Number one: Be confident in who you are.  Wise people know that money can be easily lost and easily made. (Henry Ford). The only thing that really matters is learning how to create and offer value.


"If you want to succeed you should strike out on new paths, rather than travel worn paths of accepted success" (John D. Rockefeller). Success is achieved by those who choose to risk failure and even ridicule in order to create something completely new.


Know when to move on. (Donald Trump). "There is a big difference between perseverance and stubbornness. Stubbornness involves me forcing things to work, while perseverance requires me to work consistently with what's ALREADY working.


"Pursue excellence, not fame", (Jay Z). Many people do achieve quick success with a product or service, even as a startup, and that makes them feel special. They then ignore critical feedback from partners and clients. Once they stop learning it can spell the end of the business. Always remember, "Fame may be who you once were, Excellence is who you are".


Hand customers a SECOND business card to give to a friend. On the back of one card write the customer's name. Tell him/her if the person they hand that card to does business with you, you will give both of them 10% off their first/next order.

Marty Kahn, SCORE Mentor


Saturday, November 8, 2014

Tips for Self-Employeed Taxpayers

If you are an independent contractor or run your own business, there are a few basic things to know when it comes to your federal tax return. Here are six tips you should know about income from self-employment:

Self-employment income can include income you received for part-time work. This is in addition to income from your regular job.

You must file a Schedule C, Profit or Loss from Business, or Schedule C-EZ, Net Profit from Business, with your Form 1040.

You may have to pay self-employment tax as well as income tax if you made a profit. Self-employment tax includes Social Security and Medicare taxes. Use Schedule SE, Self-Employment Tax, to figure the tax. Make sure to file the schedule with your tax return.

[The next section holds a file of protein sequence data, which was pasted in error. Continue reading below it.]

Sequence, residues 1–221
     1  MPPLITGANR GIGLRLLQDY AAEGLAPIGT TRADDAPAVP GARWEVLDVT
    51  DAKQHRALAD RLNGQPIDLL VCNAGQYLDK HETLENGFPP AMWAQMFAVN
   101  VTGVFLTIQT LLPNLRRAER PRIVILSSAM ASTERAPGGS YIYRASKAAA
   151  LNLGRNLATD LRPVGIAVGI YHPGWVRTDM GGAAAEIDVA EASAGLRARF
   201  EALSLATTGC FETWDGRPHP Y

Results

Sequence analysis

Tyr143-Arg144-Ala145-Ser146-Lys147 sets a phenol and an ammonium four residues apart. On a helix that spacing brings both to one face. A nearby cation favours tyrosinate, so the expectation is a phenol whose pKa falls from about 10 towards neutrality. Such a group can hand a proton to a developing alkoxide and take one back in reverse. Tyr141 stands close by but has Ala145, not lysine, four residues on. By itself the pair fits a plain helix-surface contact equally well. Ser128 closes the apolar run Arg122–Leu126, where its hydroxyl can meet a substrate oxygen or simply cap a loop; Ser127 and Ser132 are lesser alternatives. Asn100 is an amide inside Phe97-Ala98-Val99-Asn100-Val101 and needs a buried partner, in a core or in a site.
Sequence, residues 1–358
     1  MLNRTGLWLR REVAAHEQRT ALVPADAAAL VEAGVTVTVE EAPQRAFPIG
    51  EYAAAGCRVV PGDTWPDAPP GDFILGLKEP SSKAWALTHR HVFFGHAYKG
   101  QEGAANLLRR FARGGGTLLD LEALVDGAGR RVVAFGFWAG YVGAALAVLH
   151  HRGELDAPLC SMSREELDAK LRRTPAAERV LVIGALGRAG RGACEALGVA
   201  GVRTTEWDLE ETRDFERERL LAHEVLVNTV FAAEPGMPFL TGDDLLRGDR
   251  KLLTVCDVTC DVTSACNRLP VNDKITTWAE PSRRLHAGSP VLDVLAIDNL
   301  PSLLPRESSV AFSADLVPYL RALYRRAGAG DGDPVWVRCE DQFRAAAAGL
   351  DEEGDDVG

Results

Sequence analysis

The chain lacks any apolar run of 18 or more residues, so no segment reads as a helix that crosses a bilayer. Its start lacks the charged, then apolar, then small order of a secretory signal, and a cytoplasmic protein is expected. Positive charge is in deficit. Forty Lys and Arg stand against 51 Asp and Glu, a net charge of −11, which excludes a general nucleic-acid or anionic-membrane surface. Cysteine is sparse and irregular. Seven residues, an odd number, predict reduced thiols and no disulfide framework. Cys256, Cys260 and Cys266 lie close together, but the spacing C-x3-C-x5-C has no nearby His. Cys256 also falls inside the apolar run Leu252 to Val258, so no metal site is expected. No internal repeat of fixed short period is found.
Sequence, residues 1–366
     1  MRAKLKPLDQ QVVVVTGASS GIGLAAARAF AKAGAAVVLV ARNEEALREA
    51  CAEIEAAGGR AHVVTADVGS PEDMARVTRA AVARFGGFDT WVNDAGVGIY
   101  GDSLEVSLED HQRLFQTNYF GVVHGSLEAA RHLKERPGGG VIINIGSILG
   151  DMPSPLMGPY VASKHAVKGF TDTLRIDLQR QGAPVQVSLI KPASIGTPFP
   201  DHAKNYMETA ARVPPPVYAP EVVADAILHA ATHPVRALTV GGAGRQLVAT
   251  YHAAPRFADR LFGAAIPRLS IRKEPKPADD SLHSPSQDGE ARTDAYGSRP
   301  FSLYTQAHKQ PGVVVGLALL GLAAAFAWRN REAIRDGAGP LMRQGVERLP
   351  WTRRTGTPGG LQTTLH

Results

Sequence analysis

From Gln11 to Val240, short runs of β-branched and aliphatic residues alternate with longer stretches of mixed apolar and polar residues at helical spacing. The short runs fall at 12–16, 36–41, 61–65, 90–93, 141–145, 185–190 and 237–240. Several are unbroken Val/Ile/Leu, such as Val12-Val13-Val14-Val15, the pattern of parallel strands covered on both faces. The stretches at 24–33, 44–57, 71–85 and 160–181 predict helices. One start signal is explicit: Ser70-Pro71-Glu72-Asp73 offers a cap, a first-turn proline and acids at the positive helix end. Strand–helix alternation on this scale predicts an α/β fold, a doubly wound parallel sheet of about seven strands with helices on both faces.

You may need to make estimated tax payments. People typically make these payments on income that is not subject to withholding. You may be charged a penalty if you do not pay enough taxes throughout the year.

You can deduct some expenses you paid to run your trade or business. You can deduct most business expenses in full, but some must be 'capitalized.' This means you can deduct a portion of the expense each year over a period of years.

You can deduct business costs only if they are both ordinary and necessary. An ordinary expense is one that is common and accepted in your industry. A necessary expense is one that is helpful and proper for your trade or business.

Questions? We have answers. Give us a call

Barry Eisenberg, SCORE Counselor



Wednesday, November 5, 2014

Three Most Common Budgeting Errors

When it comes to creating a budget, it's essential to estimate your spending as realistically as possible. Here are three budget-related errors commonly made by small businesses and some tips for avoiding them.

Not Setting Goals. It's almost impossible to set spending priorities without clear goals for the coming year. It's important to identify, in detail, your business and financial goals and what you want or need to achieve in your business.

Underestimating Costs. Every business has ancillary or incidental costs that don't always make it into the budget--for whatever reason. A good example of this is buying a new piece of equipment or software. While you probably accounted for the cost of the equipment in your budget, you might not have remembered to budget time and money needed to train staff or for equipment maintenance.